The wraps are off Fisher-Price's latest incarnation of Sesame Street's superstar with the preschool set: Elmo....
The new Elmo T.M.X. plush character has been packaged in a "Top Secret" attaché case-like box due to months of unprecedented secrecy and buzz in the toy biz that this year's hottest holiday toy was in the offing. Clever, unique and eye-catching.
The major toy retailers have added to the excitement and anticipation by alerting customers of the toy's imminent appearance. Retail orders were written for the red, fuzzy, ticklish creature, sight-unseen, and shelf space designated.
After all, Elmo does have a history of sales success, and the stores wisely took pre-orders from customers to ensure they would be able to get them–as a result, an unprecedented number of pre-orders were taken. At $39.99 a pop, Elmo ought to be the king of the toy aisles once again!
The new Elmo debuted on Tuesday, September 19th on ABC's "Good Morning America" program, while customers began to line up at Toys "R" Us, Wal-Mart and KB Toys to quickly procure him for their children.
Elmo Tickle Me Extreme (also designated "X" to commemorate the tenth anniversary of the original Tickle Me stuffed doll) employs great new technology. Whereas the original Tickle Me Elmo laughed uproariously when his tummy was pushed, the new Elmo T.M.X.'s infectious laughing jags have him falling down into a sitting position, slapping his knee, falling backward onto his back, kicking his feet, rolling around on his tummy and standing back up!
He even has three ticklish spots and three different laugh and motion sequences which will delight any child, and probably make their parents laugh until they've heard it for the umpteenth time, and want to pull their hair out!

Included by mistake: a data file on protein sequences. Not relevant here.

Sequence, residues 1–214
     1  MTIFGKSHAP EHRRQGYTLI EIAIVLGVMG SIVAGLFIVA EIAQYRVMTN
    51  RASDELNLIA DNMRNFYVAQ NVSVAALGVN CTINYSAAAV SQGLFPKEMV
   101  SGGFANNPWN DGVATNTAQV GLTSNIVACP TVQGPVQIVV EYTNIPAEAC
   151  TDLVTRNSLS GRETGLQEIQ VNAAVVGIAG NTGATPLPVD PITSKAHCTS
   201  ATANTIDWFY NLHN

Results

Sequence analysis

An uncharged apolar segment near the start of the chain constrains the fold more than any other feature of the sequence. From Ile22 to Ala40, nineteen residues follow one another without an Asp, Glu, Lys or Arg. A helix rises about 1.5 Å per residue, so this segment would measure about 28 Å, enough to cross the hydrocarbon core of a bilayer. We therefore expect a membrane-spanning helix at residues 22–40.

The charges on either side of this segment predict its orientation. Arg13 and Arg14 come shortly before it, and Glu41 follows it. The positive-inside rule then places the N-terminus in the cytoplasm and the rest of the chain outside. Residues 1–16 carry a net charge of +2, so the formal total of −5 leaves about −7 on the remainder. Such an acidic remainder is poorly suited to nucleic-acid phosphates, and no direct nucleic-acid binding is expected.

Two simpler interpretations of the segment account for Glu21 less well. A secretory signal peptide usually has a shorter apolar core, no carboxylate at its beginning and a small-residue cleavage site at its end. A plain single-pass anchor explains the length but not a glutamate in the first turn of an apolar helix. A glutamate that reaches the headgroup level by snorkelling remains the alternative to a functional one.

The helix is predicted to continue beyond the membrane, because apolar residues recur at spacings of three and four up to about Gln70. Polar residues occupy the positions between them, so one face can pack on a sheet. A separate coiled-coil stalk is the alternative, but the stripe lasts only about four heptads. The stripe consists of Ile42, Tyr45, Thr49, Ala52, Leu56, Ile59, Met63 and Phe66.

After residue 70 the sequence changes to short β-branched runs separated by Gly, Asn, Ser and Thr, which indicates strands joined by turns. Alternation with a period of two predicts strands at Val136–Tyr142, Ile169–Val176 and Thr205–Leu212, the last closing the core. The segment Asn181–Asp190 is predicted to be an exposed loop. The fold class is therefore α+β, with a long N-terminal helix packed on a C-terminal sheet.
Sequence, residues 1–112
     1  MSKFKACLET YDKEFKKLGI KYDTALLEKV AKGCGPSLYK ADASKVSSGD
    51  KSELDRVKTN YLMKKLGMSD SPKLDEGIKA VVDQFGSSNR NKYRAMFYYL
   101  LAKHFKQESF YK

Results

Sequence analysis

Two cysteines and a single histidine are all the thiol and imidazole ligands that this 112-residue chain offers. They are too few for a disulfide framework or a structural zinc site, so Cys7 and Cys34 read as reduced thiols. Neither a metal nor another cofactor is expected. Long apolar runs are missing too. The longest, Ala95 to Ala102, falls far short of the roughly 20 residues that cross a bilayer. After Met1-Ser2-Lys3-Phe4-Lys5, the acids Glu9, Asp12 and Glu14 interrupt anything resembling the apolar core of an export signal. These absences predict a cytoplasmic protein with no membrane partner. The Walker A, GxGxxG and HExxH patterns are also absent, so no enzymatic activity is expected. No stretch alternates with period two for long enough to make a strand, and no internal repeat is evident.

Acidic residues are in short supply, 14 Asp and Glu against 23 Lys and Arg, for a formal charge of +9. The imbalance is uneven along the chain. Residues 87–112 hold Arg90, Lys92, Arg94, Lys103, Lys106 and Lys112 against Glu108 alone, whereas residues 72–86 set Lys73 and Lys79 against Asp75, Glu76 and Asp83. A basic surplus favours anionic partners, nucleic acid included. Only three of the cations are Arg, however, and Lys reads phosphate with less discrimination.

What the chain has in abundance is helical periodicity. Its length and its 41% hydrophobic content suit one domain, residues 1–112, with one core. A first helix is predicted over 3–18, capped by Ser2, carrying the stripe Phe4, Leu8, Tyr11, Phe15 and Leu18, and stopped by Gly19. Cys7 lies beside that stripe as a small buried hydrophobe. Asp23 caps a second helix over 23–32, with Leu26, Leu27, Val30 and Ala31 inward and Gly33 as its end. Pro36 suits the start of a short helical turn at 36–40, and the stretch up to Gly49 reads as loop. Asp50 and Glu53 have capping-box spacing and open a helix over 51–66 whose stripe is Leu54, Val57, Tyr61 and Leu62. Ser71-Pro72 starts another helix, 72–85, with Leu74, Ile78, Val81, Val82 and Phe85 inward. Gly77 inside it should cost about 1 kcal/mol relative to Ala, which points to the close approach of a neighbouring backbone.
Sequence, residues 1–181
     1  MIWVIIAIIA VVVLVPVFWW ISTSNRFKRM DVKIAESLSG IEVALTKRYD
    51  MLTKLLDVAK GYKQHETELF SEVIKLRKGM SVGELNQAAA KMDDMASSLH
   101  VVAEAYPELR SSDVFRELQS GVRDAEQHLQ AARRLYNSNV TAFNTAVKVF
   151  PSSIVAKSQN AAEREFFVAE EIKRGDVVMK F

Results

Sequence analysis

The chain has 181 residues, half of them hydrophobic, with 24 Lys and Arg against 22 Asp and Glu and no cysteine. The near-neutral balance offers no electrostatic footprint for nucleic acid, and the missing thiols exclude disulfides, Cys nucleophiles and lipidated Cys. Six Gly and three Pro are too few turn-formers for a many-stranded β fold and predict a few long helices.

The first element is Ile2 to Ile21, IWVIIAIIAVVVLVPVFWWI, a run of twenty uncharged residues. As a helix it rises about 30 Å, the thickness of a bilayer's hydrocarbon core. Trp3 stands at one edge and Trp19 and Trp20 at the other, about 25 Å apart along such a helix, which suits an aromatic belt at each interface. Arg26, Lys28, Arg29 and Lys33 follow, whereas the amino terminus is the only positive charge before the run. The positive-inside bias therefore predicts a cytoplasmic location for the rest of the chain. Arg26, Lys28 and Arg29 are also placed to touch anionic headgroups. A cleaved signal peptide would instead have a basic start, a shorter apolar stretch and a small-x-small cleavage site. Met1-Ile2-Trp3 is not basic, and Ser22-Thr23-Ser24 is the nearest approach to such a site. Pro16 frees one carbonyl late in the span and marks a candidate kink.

I've been involved in developing brand identities and package design in the toy business for over 20 years, and this latest unveiling fascinates me. Fisher-Price and parent company Mattel did a masterful job of building suspense and buzz in a way that is rarely seen in the toy industry. And it involved more than secrecy. The little "leaks" that came out only built suspense. Toy industry trade papers and pundits ruminated about what the new Elmo might be like. Toy retailers fanned the flames with customers and got them all excited about the latest, top secret version of Elmo.
I expect this new wave of Elmomania will make the toy the hottest seller of the holiday season, and I also suspect Elmo will sell out well before the holidays. All of this hype only adds to the new toy's desirability, doesn't it?
This makes me wonder why marketers don't try to generate grassroots excitement for potentially hot products more often. . . just by creating a little mystery, a date for an unveiling, a little press and buzz at retail, for example.
Obviously, not every product is going to be an Elmo T.M.X. But:
* How many products could be stars, if they didn't suffer from lackluster rollouts and half-hearted marketing efforts?
* How many products would be embraced by the customer right out of the chute if we just added some joy, or some fun into the marketing mix?
* Why shouldn't we have more Elmos?
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